natural plaster, green building, and passive solar heating and cooling. His articles appear
regularly in Home Power, Mother Earth News, Natural Home, and The Last
Straw.

Dan also writes frequently for World Book Encyclopedia (Science Year) and
Encyclopedia Americana. He authored a 12-page article on the environment for
Encyclopedia Americana. Dan has written environmental pollution section for
World Book Encyclopedia's annual publication, Science Year, since 1993.
In 1997, he wrote an extensive piece for World Book on population growth and its
many implications. Dan also wrote the ecology and air pollution sections for
Encyclopedia Americana.

In addition to his writing, Dan has served as an adjunct professor at the University of
Colorado in Denver and the University of Colorado at Denver. He has been a visiting
professor at the University of Washington, where he taught a course on environmental
science. He currently is a Melon Visiting Professor at Colorado College where he teaches
courses on renewable energy, ecological design, and sustainable development.

Through his writing and teaching in the 1980s and early 1990s, Dan played a leading
role in promoting critical thinking, an understanding of the root causes of environmental
issues, systemic solutions to environmental problems, sustainable development. He
pioneered a systems approach to sustainable development and has played a lead role in
articulating the principles, policies, and practices of sustainable development which seeks
ways that business and society can prosper within a healthy environment. He is currently
focusing most of his research and writing on sustainable building and sustainable
communities.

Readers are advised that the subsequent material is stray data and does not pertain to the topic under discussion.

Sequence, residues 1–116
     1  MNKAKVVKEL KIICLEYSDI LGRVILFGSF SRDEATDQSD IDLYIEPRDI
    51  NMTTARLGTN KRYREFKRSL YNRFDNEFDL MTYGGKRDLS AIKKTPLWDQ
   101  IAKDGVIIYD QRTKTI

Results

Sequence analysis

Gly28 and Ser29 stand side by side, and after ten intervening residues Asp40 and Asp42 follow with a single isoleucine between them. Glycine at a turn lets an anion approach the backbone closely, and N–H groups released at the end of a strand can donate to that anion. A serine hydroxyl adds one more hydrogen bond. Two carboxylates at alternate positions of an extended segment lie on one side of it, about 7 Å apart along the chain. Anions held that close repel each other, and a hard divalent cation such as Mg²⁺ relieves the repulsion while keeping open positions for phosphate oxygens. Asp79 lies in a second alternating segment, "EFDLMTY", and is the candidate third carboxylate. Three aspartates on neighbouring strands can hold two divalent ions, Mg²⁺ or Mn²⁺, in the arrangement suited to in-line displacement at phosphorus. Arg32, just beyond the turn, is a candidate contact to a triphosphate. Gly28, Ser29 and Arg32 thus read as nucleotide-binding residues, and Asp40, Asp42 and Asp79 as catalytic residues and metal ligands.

Dan's free time is spent mountain biking, canoeing, playing music, and gardening.


For more information visit danchiras.com.

Customer Reviews

4.6 out of 5 stars
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Great book for anyone novice to expert.
William Dickson
A top pick for any collection catering to homeowners interested in alternative energy sources.
Midwest Book Review
Very good information that is real world and very up to date.
renewable

Most Helpful Customer Reviews

21 of 21 people found the following review helpful By William Dickson on September 3, 2010
Format: Paperback Verified Purchase
Great book for anyone novice to expert. I am a retired multi-skilled technician with an extensive background in electronics and electrical fields. I found this book very informative for anyone interested in finding out more on solar panels and/or practicle installations. One can choose to get in great depth or just fundamentals. It is a great book.
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21 of 23 people found the following review helpful By Tomas A. Maly on October 19, 2011
Format: Paperback Verified Purchase
The book seems quite in depth of a primer for understanding solar power systems, but I got the impression (several references to 'installation' in the description) that there would be information on installation. It wasn't only until the very last few pages that it touched on installation and it was a list of questions to ask an installer. Truly sustainable home building should be accessible to DIYers, not just professionals (otherwise, it lacks a certain sense of sustainability in that people are unable to be self-reliant). I'll have to look elsewhere.
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16 of 18 people found the following review helpful By Jack Michaelson on January 26, 2010
Format: Paperback Verified Purchase
Great book and breaks down the concepts and math of solar power into digestable bites.
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13 of 15 people found the following review helpful By Maurice McIver on December 25, 2010
Format: Paperback Verified Purchase